Yahoo fights report about scanning users’ email for U.S. government

Yahoo is fighting back against a damning report that it created a software program to scan its users’ emails as it complied with a U.S. government directive.

Reuters reported on Tuesday that the Sunnyvale company last year secretly created software to help government spy types — either the NSA or FBI — directly access information about Yahoo users. The program was reportedly so secret that the company’s own chief information security officer, Alex Stamos, didn’t know about it, and left the company as a result.

“The article is misleading,” Yahoo said in an emailed statement this morning. “We narrowly interpret every government request for user data to minimize disclosure. The mail scanning described in the article does not exist on our systems.”

When reached by SiliconBeat, a Yahoo spokesman said he had no further comment. Today’s statement came after Yahoo neither confirmed nor denied the Reuters report Tuesday, saying only that it complies with U.S. laws.

The company, which is in the process of being bought by Verizon and already is dealing with the aftermath of a recently revealed hack that may have affected at least 500 million users, was thoroughly slammed Tuesday after the Reuters report. The scope of the collection of information — sifting through all incoming emails — was called unprecedented.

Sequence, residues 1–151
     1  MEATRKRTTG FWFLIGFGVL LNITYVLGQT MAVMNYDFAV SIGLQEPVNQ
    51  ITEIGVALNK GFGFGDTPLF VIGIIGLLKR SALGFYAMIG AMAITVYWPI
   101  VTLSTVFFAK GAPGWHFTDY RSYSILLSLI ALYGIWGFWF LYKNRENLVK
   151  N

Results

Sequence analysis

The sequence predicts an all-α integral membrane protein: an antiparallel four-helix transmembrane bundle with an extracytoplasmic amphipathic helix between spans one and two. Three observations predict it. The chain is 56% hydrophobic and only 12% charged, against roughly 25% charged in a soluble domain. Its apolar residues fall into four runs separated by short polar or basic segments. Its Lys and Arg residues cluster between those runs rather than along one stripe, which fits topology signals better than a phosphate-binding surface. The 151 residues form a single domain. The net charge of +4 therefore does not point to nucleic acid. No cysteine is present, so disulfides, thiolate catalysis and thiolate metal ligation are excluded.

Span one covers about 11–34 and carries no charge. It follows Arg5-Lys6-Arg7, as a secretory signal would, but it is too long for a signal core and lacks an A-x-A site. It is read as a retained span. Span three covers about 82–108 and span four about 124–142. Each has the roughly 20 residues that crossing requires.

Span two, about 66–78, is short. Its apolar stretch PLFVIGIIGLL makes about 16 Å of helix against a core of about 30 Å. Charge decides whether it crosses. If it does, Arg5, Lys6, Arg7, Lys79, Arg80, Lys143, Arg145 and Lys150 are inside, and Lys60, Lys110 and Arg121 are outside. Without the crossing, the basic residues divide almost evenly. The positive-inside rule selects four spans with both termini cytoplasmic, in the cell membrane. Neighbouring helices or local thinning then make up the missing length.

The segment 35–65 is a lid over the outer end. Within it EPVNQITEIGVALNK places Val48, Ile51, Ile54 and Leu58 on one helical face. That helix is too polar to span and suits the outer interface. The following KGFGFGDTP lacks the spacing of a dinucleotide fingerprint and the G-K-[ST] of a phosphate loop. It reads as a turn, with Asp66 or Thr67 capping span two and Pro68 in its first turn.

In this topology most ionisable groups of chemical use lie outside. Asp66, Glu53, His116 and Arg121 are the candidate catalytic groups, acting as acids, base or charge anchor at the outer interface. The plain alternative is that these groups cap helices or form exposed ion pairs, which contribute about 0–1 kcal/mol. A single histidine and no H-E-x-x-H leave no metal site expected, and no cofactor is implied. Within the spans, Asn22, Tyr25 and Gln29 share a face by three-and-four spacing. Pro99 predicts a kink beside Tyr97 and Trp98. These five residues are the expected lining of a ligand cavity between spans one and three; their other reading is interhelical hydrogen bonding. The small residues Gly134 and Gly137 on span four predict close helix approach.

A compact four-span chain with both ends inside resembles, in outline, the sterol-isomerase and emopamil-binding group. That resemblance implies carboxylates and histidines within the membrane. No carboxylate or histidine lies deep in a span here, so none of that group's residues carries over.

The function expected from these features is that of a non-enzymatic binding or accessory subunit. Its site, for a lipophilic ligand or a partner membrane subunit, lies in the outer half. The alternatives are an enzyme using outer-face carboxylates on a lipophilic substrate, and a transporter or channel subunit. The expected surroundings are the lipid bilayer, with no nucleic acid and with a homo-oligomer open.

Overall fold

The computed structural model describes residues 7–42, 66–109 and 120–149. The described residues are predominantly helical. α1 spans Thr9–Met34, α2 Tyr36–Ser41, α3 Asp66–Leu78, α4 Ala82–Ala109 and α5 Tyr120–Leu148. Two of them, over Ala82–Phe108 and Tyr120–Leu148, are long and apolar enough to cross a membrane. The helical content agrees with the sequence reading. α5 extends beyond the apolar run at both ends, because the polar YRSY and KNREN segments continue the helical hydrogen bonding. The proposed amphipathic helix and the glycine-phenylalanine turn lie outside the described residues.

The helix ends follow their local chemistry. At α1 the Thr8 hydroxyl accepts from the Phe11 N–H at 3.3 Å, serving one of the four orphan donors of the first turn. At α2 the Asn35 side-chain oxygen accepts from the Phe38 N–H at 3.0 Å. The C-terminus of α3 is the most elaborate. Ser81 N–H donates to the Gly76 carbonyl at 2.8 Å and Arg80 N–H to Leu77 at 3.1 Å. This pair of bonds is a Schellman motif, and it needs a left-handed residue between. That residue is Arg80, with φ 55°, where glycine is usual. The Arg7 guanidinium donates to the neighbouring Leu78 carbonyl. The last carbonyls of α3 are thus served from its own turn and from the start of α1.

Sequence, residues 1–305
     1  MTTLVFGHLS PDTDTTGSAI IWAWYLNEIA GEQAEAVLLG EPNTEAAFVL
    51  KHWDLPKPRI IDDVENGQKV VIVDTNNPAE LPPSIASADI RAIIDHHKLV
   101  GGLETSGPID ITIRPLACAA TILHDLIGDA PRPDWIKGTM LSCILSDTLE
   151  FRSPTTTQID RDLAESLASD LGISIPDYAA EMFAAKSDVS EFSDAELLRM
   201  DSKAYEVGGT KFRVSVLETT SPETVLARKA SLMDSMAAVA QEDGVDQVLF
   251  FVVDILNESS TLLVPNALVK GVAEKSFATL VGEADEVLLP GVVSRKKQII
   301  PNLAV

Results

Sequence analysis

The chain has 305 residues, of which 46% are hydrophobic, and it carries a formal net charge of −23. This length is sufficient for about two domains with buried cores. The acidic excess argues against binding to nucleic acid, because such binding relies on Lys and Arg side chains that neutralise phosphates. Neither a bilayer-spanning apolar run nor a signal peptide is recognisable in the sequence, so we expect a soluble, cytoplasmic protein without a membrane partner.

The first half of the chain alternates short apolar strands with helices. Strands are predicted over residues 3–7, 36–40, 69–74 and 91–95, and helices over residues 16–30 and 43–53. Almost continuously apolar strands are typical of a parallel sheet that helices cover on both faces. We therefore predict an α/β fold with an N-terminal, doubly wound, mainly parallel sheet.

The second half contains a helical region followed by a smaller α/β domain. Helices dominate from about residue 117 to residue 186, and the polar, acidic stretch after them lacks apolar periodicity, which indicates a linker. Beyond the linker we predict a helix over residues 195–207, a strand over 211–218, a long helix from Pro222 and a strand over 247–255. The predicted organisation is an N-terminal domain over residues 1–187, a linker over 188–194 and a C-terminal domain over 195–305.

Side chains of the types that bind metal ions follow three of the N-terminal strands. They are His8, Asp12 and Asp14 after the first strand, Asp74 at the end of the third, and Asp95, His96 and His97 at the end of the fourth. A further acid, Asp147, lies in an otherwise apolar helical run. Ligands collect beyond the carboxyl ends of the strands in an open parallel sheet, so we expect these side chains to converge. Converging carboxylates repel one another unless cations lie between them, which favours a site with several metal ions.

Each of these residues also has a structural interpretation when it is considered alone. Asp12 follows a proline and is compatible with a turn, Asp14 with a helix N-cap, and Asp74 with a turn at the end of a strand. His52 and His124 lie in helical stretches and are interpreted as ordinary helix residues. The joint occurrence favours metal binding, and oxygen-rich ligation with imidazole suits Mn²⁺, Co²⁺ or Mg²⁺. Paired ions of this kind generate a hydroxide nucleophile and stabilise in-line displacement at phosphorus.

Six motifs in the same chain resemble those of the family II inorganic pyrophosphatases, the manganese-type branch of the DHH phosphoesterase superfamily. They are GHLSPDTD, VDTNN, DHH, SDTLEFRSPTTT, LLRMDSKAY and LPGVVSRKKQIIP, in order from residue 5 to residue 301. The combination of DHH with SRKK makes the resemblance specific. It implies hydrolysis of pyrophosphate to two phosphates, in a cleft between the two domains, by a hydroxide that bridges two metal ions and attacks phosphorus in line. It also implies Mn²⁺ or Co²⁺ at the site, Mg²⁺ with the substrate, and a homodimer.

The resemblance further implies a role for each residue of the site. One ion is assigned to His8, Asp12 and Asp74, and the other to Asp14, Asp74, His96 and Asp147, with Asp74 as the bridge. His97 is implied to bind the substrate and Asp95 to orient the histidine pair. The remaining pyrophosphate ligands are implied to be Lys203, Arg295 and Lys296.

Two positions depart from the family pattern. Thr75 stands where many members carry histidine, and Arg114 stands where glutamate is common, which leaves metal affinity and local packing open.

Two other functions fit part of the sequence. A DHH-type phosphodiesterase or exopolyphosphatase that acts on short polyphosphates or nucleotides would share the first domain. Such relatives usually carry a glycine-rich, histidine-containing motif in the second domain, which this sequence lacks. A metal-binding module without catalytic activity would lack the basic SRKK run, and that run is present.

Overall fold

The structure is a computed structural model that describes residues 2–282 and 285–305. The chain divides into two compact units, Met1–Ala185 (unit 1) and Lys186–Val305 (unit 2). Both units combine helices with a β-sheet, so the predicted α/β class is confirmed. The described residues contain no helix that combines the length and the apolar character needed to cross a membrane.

Former NSA contractor Edward Snowden, security experts and others called on Yahoo users to delete their accounts. In addition, advocacy groups such as the ACLU raised questions about the reported program’s apparent disregard for the Fourth Amendment, which protects Americans from unreasonable search and seizure.

The report by Reuters comes three years after Snowden’s leaks of NSA documents revealed the scope of government spying, including a program called Prism in which the government directly accessed information of tech users. Tuesday, some of the companies linked to Prism, such as Apple, Google and Microsoft, again issued denials that they’ve helped the government by providing so-called backdoor access to user information.

Yahoo’s critics aren’t satisfied with today’s statement, pointing to its wording. Snowden tweeted:

And from ACLU’s Christopher Soghoian:

 

Photo: Yahoo CEO Marissa Mayer, shown here in 2014, reportedly decided to comply with a government directive and ordered the creation of a program that scanned users’ emails. The company today issued a statement that calls the Reuters report misleading. (Robyn Beck/AFP/Getty Images)

 

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